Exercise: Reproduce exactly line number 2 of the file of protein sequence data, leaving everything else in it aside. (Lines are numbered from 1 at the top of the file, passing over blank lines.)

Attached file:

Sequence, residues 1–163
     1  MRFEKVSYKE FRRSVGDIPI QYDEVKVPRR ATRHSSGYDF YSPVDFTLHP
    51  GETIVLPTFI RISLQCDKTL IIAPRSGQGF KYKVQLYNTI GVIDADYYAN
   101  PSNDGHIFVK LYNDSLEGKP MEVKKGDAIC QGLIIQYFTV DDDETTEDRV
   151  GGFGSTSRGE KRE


     1  MRFEKVSYKE FRRSVGDIPI QYDEVKVPRR ATRHSSGYDF YSPVDFTLHP